Plus: Clarification on the taxation of interest on loans between family members.
QI am 61. Am in a private pension fund. Over the last two years I have lost more than I put in.
Should I cease my contributions and place those in a savings account till the times get better and then put them back in the persion fund?
AYour plan sounds so easy, but it is virtually impossible because you are trying to time the markets.
The fact that your account balance has gone down suggests your fund holds quite a lot of shares and/or property. And nobody knows when those markets will turn back up again.
As superb share investor Warren Buffett, one of the world’s richest people, said in a recent letter to his shareholders, he’s certain “the economy will be in a shambles throughout 2009 — and, for that matter, probably well beyond — but that conclusion does not tell us whether the stock market will rise or fall”. Shares may have done their dive already.
What’s more, the market might rise for a while, only to slump again. And if you wait until it has risen over quite a long period, you will have missed out on the upturn.
It’s far better — as well as easier — to just keep contributing, regardless of what the markets are doing. That way, you’ll get the good with the bad.
What’s more, if you put the same amount in regularly, you’ll buy more units in the fund when prices are low than when they are high, so your average price will be lower than the market average price.
For example, if you contribute $100 a month when units cost $10, you’ll get 10 units. But when the unit price rises to $20, your $100 will buy only five units.
The average of $10 and $20 is $15. But you got 15 units for $200, so your average price is only $13.33. It’s a bonus from regular investing — sometimes called dollar cost averaging.
If you stick with your fund, over ten years or more you can be pretty confident you’ll do well — provided, of course, the fund doesn’t charge ridiculously high fees.
There’s another issue to consider at your age, though. If you are planning to spend the money within less than ten years, you may be in too risky a fund. There’s always a fair chance that a fund with considerable share and/or property investments will fall over a few years.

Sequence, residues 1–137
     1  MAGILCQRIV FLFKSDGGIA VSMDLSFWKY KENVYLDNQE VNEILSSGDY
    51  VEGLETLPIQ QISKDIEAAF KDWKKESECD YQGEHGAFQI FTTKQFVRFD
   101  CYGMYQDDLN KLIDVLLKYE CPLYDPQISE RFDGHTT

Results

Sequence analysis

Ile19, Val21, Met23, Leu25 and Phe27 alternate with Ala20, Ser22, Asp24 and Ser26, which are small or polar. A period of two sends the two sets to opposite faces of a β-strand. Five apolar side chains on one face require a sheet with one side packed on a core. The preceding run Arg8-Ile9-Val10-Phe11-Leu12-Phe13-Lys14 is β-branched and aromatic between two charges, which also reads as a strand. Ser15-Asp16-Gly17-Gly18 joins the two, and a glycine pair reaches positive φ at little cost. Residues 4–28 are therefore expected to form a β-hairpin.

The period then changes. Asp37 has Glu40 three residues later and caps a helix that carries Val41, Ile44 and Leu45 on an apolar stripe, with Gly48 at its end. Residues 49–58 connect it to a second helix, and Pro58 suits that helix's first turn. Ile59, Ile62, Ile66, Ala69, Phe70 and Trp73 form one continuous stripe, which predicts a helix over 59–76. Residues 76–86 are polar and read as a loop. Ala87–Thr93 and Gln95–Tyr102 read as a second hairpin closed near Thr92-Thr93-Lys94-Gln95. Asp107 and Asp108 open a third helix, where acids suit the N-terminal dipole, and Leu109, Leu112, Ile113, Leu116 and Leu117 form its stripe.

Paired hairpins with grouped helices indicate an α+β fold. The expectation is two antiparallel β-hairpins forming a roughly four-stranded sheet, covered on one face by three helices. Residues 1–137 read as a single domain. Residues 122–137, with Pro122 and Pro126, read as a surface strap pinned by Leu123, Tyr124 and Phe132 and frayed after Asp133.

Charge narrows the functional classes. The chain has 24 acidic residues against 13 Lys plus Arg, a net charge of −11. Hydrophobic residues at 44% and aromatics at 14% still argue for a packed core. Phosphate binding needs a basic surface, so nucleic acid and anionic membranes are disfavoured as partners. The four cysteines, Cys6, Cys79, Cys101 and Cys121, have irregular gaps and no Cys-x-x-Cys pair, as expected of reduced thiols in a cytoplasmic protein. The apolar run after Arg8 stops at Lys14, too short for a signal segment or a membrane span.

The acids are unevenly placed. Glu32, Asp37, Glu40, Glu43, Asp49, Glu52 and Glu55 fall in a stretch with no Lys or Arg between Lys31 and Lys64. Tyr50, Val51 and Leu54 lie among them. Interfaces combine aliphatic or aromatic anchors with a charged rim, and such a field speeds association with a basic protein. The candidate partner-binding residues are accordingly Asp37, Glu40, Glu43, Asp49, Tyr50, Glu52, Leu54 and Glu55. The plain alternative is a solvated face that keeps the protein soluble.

If that applies to you, I suggest you switch your new contributions into a lower risk fund, and gradually move the rest of your money into that fund. You might, for example, move a quarter now and a quarter over each of the next three years.
If your fund doesn’t have a lower risk option, consider moving to one that does.
QWould my husband’s salary, of more than $100,000, be taken into account when our son applies for a KiwiSaver first home subsidy?
Our son (now aged 17) has a KiwiSaver account and is likely to apply for the subsidy in about 6 years time. For this period he will probably be living at home to save on accommodation costs while he finishes high school and completes a three-year course at Auckland University.
During this time he also plans to work part-time during college holidays, to help with living expenses and save towards the down payment on his first house.
My concern is that if ‘household income’ includes his father’s income, my son will be penalized and therefore not qualify for the government subsidy ($5,000), even after careful financial planning.
I would be grateful if you could check with the relevant government department and clarify.
AThe news is good for your son — who, by the way, should be congratulated for his planning, and for making the most of the KiwiSaver first home subsidy, which is well worth having.
He might not realise, too, that as long as he has been in KiwiSaver for three years, he can also put into his first home all his own contributions, any employer contributions and all the returns earned in his KiwiSaver account up to that point. If he hadn’t been in KiwiSaver, he wouldn’t have those employer contributions or the returns on the extra money.
His $1000 kick-start and tax credits will have to stay in KiwiSaver. But that’s also money he wouldn’t otherwise have, and it’s still his — sitting there accumulating for his retirement.
On your question, officials at Housing NZ Corp, which runs the first home subsidy, say, “The maximum household income for the deposit subsidy is $100,000 per year (for one or two people) or $140,000 per year (for more than two people).”
But, they add, “These income caps apply to the person or people buying the house only. If there are other adults living in the home (who did not buy the house) their income is not taken into account.”
While I was at it, I asked if they yet had answers to some other questions that have been rattling around since KiwiSaver started — some of which may affect your son. They are as follows:
- The first home subsidy is $3000 after three years in the scheme, rising gradually to $5000 after five or more years. During that time employees must contribute at least 4 per cent of their pay, and non-employees “about 4 per cent”. Are there firmer guidelines for non-employees?
- Can you start your three to five years under 18?